To screen or not to screen- that is the question in prenatal depression.
Australian Medical Association
Faculty of Computing, Health and Science
School of Psychology
- Significant perinatal distress and depression affects 14% of women, producing short and long term consequences for the family. This suggests that measures for early detection are important, and non-identification of these women may exacerbate difficulties.
- Screening provides an opportunity to access large numbers of women and facilitate pathways to best-practice care.
- A valid, reliable, economical screening tool (the Edinburgh Postnatal Depression Scale, EPDS) is available.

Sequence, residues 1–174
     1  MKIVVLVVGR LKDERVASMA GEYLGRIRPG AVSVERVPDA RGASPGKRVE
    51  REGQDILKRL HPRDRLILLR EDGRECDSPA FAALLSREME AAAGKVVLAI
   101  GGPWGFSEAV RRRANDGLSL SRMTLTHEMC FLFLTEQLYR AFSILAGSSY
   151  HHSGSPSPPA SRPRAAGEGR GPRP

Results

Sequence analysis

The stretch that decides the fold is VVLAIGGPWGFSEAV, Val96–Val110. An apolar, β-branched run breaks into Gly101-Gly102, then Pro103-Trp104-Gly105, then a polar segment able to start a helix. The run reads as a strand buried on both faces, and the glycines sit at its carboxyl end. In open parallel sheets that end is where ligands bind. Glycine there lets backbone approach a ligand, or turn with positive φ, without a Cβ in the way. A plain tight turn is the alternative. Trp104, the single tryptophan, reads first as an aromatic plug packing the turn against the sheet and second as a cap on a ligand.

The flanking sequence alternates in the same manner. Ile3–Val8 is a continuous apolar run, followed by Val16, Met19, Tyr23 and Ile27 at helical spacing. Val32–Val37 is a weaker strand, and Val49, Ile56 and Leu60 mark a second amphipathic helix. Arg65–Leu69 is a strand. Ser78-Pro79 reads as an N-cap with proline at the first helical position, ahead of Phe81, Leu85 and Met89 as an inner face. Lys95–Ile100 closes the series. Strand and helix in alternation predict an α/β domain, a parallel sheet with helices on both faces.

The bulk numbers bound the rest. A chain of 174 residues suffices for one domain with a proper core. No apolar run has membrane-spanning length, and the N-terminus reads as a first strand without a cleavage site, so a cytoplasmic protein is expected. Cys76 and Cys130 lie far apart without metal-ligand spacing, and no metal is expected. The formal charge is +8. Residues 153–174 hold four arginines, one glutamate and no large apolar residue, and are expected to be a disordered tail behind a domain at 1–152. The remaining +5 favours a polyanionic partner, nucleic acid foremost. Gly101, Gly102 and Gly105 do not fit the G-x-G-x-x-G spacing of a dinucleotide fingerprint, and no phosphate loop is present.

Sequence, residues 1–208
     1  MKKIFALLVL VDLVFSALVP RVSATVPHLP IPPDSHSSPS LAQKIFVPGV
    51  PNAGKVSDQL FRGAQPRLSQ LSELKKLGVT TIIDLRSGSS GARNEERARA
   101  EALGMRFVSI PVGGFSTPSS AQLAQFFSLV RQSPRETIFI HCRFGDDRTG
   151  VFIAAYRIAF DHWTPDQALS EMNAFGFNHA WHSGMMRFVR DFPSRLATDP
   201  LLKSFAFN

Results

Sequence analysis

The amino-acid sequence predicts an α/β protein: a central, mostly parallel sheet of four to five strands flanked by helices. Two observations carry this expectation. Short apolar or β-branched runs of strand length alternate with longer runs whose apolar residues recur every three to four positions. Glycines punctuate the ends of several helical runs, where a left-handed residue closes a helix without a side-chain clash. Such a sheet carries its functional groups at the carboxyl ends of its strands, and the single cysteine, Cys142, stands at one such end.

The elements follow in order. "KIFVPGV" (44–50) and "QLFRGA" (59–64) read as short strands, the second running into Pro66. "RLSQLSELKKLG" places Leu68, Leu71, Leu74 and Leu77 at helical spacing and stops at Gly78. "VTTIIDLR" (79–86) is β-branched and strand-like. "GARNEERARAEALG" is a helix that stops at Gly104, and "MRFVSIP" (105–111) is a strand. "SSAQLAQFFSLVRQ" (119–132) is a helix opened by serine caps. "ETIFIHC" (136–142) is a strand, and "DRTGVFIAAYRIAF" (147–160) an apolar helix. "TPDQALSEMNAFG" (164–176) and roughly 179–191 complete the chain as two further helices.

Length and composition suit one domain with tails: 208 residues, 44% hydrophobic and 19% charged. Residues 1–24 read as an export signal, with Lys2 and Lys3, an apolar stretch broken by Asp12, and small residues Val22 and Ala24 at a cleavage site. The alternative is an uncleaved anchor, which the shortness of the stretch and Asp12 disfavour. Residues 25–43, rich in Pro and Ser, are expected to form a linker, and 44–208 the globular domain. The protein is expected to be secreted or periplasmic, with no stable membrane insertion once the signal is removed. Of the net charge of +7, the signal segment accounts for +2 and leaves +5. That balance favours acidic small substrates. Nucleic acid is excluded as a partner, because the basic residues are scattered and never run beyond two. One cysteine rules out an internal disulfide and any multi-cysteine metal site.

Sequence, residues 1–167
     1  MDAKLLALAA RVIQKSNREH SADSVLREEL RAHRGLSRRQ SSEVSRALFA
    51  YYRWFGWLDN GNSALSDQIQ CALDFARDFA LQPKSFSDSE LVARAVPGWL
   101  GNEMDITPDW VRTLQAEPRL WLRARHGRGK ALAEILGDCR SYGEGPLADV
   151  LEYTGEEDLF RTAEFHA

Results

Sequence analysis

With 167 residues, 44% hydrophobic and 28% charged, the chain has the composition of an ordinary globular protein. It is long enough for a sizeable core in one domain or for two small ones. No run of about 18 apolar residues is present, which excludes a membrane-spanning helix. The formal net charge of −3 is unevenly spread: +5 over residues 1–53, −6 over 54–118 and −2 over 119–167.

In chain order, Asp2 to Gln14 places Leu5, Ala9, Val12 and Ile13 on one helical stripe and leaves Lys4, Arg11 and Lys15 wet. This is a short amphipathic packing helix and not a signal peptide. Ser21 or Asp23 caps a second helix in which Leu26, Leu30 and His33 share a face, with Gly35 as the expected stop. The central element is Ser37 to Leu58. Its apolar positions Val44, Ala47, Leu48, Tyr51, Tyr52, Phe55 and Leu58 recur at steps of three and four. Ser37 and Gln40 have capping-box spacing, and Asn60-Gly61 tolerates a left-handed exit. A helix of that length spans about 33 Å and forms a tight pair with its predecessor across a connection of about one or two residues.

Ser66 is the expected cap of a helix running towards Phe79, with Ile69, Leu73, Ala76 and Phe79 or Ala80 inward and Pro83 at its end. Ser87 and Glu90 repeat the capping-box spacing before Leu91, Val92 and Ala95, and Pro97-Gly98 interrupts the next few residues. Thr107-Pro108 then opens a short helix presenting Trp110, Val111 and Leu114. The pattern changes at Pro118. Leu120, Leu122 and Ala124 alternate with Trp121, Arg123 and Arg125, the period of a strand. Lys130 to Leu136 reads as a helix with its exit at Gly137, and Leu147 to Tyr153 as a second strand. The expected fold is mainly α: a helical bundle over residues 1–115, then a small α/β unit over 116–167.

- Arguments against screening pertain largely to lack of evidence about the acceptability of routine use of the EPDS during pregnancy and the postnatal period, and inadequate evidence regarding outcomes and cost-effectiveness.
- To address these concerns, the National Postnatal Depression Prevention and Early Intervention Program will evaluate outcomes of screening in terms of acceptability, cost-effectiveness, access and satisfaction with management in up to 100 000 women.